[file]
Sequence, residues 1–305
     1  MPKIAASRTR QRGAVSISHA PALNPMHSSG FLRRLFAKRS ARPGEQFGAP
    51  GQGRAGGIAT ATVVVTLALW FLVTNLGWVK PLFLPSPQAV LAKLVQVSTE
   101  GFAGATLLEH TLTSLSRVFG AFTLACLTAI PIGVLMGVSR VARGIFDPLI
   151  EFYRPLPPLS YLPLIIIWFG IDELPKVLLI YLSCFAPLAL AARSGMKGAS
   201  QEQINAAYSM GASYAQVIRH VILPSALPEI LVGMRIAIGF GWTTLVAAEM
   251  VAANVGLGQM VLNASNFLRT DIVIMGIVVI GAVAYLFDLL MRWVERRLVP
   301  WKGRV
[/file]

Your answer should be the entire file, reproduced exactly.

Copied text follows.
Sequence, residues 1–305
     1  MPKIAASRTR QRGAVSISHA PALNPMHSSG FLRRLFAKRS ARPGEQFGAP
    51  GQGRAGGIAT ATVVVTLALW FLVTNLGWVK PLFLPSPQAV LAKLVQVSTE
   101  GFAGATLLEH TLTSLSRVFG AFTLACLTAI PIGVLMGVSR VARGIFDPLI
   151  EFYRPLPPLS YLPLIIIWFG IDELPKVLLI YLSCFAPLAL AARSGMKGAS
   201  QEQINAAYSM GASYAQVIRH VILPSALPEI LVGMRIAIGF GWTTLVAAEM
   251  VAANVGLGQM VLNASNFLRT DIVIMGIVVI GAVAYLFDLL MRWVERRLVP
   301  WKGRV